My friend, Susan, is suffering terrible grief because her elderly mother is dying. I’ve been through the death of my mother, and it certainly wasn’t easy. But her suffering, and the fact that she truly was “done living,” made it easier to bear. My dad’s death was a blessing, when it finally happened. He’d been in mental hell for a decade, and the psychological suffering he went through was what was most unbearable to me. After his physical death, I truly felt I had my real dad back. I’m not saying it wasn’t hard to go through those final hours, but it was also a relief. He was set free.
So, what gives with Susan? I’ve spent all week pondering this. I had a pretty good relationship with my parents. Susan had a very difficult one with her mother. Her dad had died fairly young – young enough so she barely remembers him. Her mom eventually remarried, and had a good marriage with this second husband, but a difficult relationship with Susan.
Susan is very intelligent and insightful. She realizes that part of her problem is that her mother is choosing to spend much of her last time on earth with her husband – Susan’s step-father. Also, Susan feels, even though she knows this is unfair, that her mother should not have remarried – she should have devoted her life to keeping Susan’s father’s memory alive. So, as Susan thinks this through, she realizes this resentment is more about her mother than her step-dad.
In “The Four Things That Matter Most: A Book About Living,” written by Ira Byock, M.D., Byock states:
“In addition to our primal drive for connection, we each have an instinctive impulse to give and receive love. We have a deep desire for healing and wholeness. Thankfully, honest, heartfelt, well-chosen words have the power to heal and make us whole.”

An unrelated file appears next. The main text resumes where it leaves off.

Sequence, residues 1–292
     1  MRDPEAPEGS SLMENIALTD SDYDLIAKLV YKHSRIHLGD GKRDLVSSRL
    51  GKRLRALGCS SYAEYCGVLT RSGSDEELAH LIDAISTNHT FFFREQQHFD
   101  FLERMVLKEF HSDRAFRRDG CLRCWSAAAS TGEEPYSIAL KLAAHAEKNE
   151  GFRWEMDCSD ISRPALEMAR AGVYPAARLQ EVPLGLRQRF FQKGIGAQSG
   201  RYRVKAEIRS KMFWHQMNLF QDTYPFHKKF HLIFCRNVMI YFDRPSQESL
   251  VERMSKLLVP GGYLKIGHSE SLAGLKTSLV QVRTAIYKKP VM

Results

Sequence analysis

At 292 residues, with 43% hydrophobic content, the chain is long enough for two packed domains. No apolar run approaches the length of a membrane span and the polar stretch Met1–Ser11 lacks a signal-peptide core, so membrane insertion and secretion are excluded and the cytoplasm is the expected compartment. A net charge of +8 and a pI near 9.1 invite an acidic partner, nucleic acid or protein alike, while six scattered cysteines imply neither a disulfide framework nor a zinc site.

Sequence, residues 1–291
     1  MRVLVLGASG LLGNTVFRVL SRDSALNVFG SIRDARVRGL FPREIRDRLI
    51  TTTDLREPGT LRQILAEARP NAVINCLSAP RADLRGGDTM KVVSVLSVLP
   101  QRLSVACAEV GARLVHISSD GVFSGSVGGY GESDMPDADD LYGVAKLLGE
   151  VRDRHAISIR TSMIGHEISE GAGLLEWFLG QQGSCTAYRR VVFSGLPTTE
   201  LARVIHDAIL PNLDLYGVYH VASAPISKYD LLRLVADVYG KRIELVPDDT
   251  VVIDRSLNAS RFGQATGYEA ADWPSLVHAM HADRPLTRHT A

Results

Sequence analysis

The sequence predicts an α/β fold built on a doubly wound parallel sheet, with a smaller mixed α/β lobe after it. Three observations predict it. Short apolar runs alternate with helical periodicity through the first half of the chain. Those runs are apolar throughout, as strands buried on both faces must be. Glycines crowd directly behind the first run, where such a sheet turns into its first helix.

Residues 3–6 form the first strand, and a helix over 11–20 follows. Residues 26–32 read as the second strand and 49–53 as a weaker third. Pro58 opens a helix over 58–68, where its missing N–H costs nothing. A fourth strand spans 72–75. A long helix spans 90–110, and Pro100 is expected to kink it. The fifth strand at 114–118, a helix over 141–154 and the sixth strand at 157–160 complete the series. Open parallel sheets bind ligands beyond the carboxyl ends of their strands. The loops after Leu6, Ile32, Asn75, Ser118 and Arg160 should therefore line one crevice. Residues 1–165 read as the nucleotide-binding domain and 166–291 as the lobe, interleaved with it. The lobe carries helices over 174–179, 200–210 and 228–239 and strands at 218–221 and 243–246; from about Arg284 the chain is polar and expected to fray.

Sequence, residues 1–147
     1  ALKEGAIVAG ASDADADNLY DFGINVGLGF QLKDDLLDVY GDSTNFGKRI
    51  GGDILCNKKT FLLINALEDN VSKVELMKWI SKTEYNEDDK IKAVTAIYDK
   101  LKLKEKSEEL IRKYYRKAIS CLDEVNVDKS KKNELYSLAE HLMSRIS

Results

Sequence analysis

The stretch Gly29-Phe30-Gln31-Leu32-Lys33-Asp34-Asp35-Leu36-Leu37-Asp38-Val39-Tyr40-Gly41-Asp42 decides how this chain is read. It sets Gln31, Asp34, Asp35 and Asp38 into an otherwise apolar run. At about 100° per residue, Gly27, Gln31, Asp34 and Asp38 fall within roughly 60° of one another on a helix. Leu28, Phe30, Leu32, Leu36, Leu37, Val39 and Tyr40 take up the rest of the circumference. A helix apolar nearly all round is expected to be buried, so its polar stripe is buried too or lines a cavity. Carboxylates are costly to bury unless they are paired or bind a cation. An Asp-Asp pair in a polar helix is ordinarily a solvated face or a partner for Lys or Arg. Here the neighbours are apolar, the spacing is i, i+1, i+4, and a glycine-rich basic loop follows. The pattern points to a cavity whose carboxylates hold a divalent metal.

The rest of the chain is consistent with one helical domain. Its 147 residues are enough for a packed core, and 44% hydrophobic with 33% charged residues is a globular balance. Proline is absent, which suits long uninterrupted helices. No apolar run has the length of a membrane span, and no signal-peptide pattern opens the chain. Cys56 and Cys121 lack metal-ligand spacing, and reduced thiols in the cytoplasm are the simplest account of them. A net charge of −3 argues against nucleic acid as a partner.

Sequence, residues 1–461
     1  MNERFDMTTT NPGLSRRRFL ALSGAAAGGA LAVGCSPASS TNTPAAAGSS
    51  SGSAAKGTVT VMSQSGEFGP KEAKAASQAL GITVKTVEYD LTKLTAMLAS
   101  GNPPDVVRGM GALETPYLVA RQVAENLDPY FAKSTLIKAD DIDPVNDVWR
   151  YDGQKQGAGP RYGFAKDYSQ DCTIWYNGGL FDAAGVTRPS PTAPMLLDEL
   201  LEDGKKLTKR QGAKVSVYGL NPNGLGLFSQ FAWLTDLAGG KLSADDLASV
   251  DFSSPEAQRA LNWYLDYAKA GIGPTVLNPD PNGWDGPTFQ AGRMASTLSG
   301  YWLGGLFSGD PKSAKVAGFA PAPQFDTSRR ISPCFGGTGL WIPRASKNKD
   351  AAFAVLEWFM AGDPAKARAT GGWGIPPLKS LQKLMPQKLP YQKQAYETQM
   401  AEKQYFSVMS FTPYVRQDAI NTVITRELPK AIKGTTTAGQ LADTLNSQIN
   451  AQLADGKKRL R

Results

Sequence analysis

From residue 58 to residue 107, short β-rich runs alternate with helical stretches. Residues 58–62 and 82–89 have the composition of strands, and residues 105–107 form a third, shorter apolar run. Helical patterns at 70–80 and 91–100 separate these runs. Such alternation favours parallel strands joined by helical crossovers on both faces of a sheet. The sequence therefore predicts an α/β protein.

What I see with Susan, and what I’ve seen with many others, is that unfinished business with our parents actually makes it harder on us when they die.
Logic may tell us that when anyone we are not close to, or even someone we actively don’t like, dies, we wouldn’t be horribly affected. But from what I’ve witnessed, losing someone we love, someone with whom we’ve had a loving give and take, leaves us with a different kind of sorrow. We miss them, we have our hard times, but, because we’ve (hopefully) said loving things or at least cared for them in a loving manner, we can let go a bit easier.
It seems that when there are healing words are left unsaid, when wounds are left open, it is harder to let go. I’m hoping I can find a few moments alone with Susan to encourage her to let go of some of her childhood expectations and try to find a way to bond with her mother, and even her step-dad, before her mother dies. If she can grow enough to do this, she’s likely to find that the bag of resentment she’s carried throughout her life has lost significant weight. And, hopefully, she will find the years after her mother’s death more peaceful.
Published On: June 18, 2007